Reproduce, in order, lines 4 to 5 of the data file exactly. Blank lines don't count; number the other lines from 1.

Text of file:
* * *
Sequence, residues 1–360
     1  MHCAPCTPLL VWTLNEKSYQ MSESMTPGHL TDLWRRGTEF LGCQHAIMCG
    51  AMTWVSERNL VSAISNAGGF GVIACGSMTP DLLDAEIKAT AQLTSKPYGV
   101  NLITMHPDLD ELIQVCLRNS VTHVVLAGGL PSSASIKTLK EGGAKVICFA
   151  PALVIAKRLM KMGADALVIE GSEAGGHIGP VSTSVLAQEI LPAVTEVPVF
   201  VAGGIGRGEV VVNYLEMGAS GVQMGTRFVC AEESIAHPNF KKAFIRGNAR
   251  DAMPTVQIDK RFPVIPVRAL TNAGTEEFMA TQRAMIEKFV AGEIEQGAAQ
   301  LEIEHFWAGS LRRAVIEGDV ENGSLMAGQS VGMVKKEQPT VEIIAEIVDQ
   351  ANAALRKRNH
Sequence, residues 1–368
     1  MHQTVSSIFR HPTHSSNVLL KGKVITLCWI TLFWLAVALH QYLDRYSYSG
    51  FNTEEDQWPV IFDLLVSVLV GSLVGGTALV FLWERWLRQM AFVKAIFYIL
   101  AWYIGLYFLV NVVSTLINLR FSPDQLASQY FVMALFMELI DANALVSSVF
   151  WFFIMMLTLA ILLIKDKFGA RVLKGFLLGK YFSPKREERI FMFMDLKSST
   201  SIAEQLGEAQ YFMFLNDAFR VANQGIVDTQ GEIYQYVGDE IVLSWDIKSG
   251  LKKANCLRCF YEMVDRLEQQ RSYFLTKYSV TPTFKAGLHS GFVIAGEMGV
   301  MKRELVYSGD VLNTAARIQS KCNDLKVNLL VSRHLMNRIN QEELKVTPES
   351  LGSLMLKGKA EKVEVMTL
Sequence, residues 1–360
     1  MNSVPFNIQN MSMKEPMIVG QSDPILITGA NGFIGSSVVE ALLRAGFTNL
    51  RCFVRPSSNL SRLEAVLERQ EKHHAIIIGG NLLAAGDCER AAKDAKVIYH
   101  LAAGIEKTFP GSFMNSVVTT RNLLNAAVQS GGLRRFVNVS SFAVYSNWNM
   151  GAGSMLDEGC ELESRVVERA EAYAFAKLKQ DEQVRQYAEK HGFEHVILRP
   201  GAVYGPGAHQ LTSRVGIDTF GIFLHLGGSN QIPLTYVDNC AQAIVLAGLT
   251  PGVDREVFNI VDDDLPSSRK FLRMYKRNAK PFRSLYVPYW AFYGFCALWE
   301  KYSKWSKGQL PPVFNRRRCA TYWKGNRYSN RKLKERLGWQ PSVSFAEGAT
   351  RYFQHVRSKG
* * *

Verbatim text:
   101  NLITMHPDLD ELIQVCLRNS VTHVVLAGGL PSSASIKTLK EGGAKVICFA
   151  PALVIAKRLM KMGADALVIE GSEAGGHIGP VSTSVLAQEI LPAVTEVPVF